Keywords: Cardiovascular risk, coronary artery disease, Mediterranean diet, meta-analysis, olive oil, systematic review

How to cite this article:
Al-Ghamdi S. The association between olive oil consumption and primary prevention of cardiovascular diseases. J Family Med Prim Care 2018;7:859-64

How to cite this URL:
Al-Ghamdi S. The association between olive oil consumption and primary prevention of cardiovascular diseases. J Family Med Prim Care [serial online] 2018 [cited 2021 Jul 26];7:859-64. Available from: https://www.jfmpc.com/text.asp?2018/7/5/859/245748

  Introduction Top

Cardiovascular diseases cause approximately 52 million deaths worldwide[1],[2] and present huge burden on the healthcare system of the entire world. According to some studies, the incidence of cardiovascular disease is slightly lower in Mediterranean region.[1],[3] These varied patterns of cardiovascular disease can be associated with different dietary patterns in the region.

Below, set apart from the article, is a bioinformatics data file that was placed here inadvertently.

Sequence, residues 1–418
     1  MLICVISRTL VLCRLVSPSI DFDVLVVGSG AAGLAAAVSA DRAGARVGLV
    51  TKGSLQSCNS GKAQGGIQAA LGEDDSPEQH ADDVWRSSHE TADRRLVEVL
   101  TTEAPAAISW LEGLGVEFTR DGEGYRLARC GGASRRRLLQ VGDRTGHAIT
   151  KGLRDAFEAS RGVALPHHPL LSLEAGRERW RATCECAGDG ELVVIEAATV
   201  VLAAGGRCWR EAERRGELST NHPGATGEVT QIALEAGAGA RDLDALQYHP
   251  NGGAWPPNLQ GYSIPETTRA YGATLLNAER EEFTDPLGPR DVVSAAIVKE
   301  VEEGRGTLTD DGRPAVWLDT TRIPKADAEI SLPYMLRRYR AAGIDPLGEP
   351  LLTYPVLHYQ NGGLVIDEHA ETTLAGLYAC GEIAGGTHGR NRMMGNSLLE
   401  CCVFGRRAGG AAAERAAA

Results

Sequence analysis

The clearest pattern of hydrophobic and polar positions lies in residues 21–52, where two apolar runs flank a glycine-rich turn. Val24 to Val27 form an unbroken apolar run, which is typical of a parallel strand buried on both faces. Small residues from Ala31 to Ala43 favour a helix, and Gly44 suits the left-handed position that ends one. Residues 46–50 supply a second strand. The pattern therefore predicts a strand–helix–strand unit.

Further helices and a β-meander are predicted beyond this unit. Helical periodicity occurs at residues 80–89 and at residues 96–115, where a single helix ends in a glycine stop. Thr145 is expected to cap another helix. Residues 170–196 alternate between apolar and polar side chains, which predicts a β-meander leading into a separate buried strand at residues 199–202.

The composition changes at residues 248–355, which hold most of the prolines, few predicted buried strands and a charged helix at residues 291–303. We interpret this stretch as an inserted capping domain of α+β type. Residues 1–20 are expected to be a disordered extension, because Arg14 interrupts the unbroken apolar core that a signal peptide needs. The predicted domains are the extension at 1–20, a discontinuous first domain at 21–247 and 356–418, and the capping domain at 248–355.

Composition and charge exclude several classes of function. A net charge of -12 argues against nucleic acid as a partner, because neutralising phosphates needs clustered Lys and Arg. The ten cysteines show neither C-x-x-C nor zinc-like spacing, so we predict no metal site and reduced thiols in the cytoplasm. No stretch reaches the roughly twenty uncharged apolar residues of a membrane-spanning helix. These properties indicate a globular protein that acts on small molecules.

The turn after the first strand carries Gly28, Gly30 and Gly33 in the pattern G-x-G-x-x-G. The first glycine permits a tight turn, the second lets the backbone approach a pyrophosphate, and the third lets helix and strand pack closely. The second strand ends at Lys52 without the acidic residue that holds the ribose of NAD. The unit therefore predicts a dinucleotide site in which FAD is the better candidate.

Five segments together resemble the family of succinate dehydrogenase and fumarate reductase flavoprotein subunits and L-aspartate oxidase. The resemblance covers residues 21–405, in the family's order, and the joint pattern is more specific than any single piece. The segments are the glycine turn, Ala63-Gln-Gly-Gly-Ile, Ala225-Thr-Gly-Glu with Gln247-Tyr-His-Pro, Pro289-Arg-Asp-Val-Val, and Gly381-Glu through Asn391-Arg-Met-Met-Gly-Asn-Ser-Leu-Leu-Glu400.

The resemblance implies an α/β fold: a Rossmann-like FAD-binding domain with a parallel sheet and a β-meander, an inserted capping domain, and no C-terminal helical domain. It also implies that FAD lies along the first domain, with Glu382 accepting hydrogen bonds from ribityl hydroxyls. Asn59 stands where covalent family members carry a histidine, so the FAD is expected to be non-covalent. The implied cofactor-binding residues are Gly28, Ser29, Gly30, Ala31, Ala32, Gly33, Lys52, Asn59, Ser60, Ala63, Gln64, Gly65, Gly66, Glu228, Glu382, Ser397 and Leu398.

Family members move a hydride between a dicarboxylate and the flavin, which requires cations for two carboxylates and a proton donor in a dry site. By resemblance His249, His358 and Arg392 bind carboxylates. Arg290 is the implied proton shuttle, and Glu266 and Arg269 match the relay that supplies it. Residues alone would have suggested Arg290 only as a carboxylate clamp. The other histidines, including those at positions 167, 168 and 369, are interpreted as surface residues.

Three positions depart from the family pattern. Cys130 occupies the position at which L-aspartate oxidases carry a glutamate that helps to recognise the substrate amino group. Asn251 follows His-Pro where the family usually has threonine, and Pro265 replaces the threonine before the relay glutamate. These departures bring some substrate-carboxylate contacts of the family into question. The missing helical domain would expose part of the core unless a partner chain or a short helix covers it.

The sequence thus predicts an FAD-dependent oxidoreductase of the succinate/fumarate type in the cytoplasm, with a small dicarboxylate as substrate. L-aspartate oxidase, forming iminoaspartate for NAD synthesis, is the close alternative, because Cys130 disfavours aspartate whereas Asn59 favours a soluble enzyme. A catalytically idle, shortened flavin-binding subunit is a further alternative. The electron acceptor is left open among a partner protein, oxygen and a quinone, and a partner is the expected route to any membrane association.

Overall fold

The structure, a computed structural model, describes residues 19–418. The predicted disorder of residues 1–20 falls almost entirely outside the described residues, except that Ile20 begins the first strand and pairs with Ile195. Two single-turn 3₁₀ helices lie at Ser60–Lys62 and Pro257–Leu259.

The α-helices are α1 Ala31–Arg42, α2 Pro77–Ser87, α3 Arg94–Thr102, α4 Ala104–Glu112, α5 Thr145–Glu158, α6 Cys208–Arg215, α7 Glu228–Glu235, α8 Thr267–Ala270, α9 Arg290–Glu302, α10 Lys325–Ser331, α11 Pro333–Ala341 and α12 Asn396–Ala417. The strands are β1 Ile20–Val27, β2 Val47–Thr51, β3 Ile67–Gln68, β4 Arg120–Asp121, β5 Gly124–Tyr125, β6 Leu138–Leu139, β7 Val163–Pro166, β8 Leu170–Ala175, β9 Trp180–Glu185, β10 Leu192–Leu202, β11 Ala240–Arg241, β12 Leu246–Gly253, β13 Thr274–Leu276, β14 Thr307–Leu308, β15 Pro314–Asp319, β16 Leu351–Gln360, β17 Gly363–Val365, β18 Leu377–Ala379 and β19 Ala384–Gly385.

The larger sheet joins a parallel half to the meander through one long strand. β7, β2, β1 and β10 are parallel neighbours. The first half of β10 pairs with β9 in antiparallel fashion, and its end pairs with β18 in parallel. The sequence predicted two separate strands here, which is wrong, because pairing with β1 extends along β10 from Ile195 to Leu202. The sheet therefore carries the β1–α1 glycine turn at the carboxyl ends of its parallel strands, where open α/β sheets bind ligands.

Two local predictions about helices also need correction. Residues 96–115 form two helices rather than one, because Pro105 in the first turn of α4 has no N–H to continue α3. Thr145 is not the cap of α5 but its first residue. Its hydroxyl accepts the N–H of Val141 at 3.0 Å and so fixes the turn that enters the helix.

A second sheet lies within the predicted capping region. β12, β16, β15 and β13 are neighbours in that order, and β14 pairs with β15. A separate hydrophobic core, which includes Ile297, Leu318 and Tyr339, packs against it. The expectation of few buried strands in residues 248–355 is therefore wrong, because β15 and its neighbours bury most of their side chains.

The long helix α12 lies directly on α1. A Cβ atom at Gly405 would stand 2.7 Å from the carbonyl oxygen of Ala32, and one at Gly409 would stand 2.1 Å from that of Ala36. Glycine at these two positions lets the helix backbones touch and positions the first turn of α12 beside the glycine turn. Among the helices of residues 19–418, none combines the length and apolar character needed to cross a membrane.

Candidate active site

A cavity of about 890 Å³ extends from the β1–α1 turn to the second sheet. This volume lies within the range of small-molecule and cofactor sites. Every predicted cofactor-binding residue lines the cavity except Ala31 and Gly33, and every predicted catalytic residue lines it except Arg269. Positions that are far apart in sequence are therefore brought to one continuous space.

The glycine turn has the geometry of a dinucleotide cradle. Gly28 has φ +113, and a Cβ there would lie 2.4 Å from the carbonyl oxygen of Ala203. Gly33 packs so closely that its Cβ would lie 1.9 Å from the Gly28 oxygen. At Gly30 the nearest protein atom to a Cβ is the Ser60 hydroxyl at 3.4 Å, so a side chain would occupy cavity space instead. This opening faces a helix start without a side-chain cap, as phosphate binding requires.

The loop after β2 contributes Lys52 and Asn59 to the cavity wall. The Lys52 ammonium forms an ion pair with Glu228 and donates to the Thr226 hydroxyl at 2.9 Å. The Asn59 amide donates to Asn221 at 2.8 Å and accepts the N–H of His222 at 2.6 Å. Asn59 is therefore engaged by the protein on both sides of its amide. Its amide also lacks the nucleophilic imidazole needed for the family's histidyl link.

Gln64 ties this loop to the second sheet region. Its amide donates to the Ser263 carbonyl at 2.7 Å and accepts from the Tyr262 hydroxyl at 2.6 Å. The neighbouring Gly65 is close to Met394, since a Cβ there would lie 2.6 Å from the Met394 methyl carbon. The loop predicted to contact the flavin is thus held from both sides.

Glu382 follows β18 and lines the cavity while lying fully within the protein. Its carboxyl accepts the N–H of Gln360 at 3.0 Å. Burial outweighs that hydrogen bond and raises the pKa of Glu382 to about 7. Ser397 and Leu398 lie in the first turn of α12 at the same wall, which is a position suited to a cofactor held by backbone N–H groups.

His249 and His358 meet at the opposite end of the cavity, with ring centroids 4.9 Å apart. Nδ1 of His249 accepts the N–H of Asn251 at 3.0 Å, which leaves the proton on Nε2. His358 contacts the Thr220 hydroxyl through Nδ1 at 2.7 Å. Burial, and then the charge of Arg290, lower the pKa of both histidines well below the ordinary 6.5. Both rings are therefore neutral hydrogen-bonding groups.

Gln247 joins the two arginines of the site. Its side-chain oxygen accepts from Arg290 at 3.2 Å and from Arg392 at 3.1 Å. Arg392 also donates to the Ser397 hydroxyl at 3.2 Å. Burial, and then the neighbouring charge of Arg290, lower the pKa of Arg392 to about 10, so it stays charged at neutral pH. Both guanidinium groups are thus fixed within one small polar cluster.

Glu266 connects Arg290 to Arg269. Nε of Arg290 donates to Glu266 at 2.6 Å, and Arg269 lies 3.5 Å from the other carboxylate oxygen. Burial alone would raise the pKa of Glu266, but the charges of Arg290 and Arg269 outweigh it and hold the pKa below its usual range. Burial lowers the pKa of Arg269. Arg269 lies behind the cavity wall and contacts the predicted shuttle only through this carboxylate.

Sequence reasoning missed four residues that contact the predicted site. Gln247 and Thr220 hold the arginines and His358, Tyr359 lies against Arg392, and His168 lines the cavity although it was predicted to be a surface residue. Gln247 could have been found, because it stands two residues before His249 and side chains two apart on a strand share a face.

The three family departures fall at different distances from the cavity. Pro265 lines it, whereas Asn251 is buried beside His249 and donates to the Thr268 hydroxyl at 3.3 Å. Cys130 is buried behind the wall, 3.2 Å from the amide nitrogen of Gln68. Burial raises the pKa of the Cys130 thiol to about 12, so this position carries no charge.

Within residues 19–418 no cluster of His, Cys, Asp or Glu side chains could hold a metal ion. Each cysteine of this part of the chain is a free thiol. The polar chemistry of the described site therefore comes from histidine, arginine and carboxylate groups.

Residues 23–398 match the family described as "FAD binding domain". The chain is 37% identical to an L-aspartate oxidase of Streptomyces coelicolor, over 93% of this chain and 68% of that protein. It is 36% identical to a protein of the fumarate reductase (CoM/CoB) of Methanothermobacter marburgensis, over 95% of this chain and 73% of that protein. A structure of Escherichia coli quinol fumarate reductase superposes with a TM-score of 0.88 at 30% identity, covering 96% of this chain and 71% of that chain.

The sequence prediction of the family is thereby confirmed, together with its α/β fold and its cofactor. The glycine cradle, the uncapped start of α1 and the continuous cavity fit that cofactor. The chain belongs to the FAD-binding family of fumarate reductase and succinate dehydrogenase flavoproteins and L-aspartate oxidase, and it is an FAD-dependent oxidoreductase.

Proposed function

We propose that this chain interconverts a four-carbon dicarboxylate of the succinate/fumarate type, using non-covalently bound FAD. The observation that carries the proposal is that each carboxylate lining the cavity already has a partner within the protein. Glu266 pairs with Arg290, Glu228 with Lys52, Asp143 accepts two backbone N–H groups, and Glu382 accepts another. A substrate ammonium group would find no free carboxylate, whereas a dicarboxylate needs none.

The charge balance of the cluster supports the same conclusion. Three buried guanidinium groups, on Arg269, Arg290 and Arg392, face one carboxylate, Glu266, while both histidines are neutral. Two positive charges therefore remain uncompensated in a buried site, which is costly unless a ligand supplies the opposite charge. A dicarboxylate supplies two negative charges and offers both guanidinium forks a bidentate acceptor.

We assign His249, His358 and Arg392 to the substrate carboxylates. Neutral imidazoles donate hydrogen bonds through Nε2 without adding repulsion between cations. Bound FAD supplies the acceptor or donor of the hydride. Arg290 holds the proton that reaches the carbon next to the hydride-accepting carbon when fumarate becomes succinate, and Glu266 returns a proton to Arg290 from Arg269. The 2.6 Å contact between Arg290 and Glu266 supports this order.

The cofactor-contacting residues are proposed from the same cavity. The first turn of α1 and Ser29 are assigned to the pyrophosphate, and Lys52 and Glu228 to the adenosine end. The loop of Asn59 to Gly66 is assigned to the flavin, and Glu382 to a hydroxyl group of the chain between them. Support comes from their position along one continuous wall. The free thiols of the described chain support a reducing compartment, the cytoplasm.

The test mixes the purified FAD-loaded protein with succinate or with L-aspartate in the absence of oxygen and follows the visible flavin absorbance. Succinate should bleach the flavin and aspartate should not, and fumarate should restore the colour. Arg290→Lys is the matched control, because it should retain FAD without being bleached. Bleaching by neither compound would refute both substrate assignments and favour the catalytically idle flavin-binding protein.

In the Mediterranean region, the traditional diet is mainly Mediterranean diet. It includes grains, pulses, cereals, fruits, nuts, legumes, olive oils, milk and dairy products, low intake of meat, and beef. Trichopoulou et al. devised a priori score to determine adherence to Mediterranean diet.[4] One study reported a lower rate of cardiovascular diseases in the Mediterranean region when compared with European region.[5] Two other studies demonstrated lower incidence of cardiovascular events with high consumption of Mediterranean diet such as nuts, olive oil, fruits, and vegetables.[6],[7] Besides reducing the risk of cardiovascular diseases, Mediterranean diet also maintains healthy lipid levels in the body.[8],[9] Mediterranean diet is also associated with improving the status of metabolic syndrome and hence reducing mortality rate.[10],[11] Other major benefits of Mediterranean diet include a reduction in cognitive impairment,[7],[8] the risk of cancer,[4] hypertension, hyperlipidemia, and total mortality.[12]